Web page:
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Spotting a Drunk UPPER - INTERMEDIATE

activity 3. Read the text on Page 2 again and decide whether the following statements
are true or false.

1. The manual on how to spot a drunk is bought as a Christmas present.


2. The manual will be used by plain clothes policemen trying to catch bar
staff who sell alcohol to drunk.
3. Pub owners support the idea because it will help them to identify
drunks.
4. Drunk people spotted by undercover policemen will be fined £80
5. According to Caroline Nodder, drunkenness cannot be objectively
measured.

activity 4. Answer these questions.

1. Who, according to the representatives of the pub trade, should the


Government focus their attention on in order to tackle the problem of alcohol overuse?
2. Why, according to David Wine, could Bob Geldof have problems getting served in a pub if the
guidelines are followed?





word focus
ways of walking
stagger - to walk with weak unsteady steps, as if about to fall
stumble - to walk or move in an unsteady way
hobble - to walk with difficulty, especially because your feet or legs hurt
hop - to move by jumping on one foot
clamber - to climb or move with difficulty or a lot of effort, using your hands and feet
crawl - to move on your hands and knees, with your body close to the ground
tiptoe - to walk using the front parts of your feet only, so that other people cannot hear you
creep - to move slowly, quietly and carefully, because you do not want to be seen or heard

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Spotting a Drunk UPPER -INTERMEDIATE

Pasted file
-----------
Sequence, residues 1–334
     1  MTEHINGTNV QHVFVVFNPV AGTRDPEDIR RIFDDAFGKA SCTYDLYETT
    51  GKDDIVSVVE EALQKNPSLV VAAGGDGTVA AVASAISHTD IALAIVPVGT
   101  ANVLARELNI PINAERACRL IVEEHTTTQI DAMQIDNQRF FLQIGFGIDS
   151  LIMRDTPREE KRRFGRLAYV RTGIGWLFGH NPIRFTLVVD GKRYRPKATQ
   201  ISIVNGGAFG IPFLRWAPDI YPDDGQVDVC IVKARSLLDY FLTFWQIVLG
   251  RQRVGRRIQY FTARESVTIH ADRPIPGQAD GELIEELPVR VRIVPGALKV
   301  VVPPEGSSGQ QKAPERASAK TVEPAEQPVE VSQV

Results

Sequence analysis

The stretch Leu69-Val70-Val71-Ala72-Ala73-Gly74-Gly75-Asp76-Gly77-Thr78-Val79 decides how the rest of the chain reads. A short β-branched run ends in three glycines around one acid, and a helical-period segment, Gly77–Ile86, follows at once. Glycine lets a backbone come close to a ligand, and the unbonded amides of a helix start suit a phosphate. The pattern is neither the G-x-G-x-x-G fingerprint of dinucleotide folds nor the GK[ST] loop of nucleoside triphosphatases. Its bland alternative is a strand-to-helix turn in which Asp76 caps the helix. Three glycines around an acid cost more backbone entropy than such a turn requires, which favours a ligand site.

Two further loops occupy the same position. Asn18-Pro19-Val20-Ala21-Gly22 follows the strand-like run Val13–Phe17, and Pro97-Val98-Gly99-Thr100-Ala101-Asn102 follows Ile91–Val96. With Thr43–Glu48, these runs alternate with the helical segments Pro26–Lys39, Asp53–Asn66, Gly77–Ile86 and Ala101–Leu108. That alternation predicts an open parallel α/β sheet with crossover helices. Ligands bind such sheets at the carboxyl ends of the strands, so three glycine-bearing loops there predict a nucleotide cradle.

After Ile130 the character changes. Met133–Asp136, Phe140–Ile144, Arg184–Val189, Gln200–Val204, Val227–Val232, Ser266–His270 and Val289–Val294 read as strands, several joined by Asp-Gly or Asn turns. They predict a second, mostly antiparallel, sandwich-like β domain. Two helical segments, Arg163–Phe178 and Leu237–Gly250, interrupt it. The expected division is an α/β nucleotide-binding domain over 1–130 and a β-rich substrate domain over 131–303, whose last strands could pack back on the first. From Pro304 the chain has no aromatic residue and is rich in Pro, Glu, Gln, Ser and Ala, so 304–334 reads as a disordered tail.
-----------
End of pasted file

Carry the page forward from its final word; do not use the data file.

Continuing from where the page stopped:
focus on vocabulary
activity 5. Write words and expressions activity 6. Here’s the list of drunkenness
for definitions. All the words and phrases signs used by British police. Can you
appear in the article on page 2. assign each of them to one of four
categories presented in the manual?
1. a book that tells you how to do or operate
something A) a noticeable change of behaviour
............................................................................ B) a lack of judgement
C) clumsiness & loss of coordination
2. very untidy D) appearance
............................................................................ • annoying other persons, employees, etc
3. drunk (formal) • becoming argumentative
• becoming bad tempered, aggressive
............................................................................ • becoming incoherent
• becoming loud, boisterous or disorderly
4. the connected series of thoughts that are in
• becoming physically violent
your head at a particular time • being careless with money
............................................................................ • being unkempt
• bumping into furniture
5. to move among people and talk to them, • decreased alertness
especially at a social event • difficulty in paying attention
• difficulty in picking up change
............................................................................ • difficulty with walking
• drinking quickly or competitively
6. to affect somebody/something very strongly
• drowsiness, dozing or sleeping
............................................................................ • exhibiting inappropriate sexual behaviour
• falling down
7. under the influence of alcohol or drugs • fumbling for cigarettes or other items
............................................................................ • glassy eyes
• lack of focus
8. the building and land near to it that a • lack of judgement
business owns or uses • looking dishevelled
• loss of train of thought
............................................................................ • not understanding what is said
9. a man who owns or manages a pub • rambling conversation
• slurring, or making mistakes in speech
............................................................................ • spilling drinks
10. having a strong interest in death • staggering
• swaying
........................................................................... • using offensive language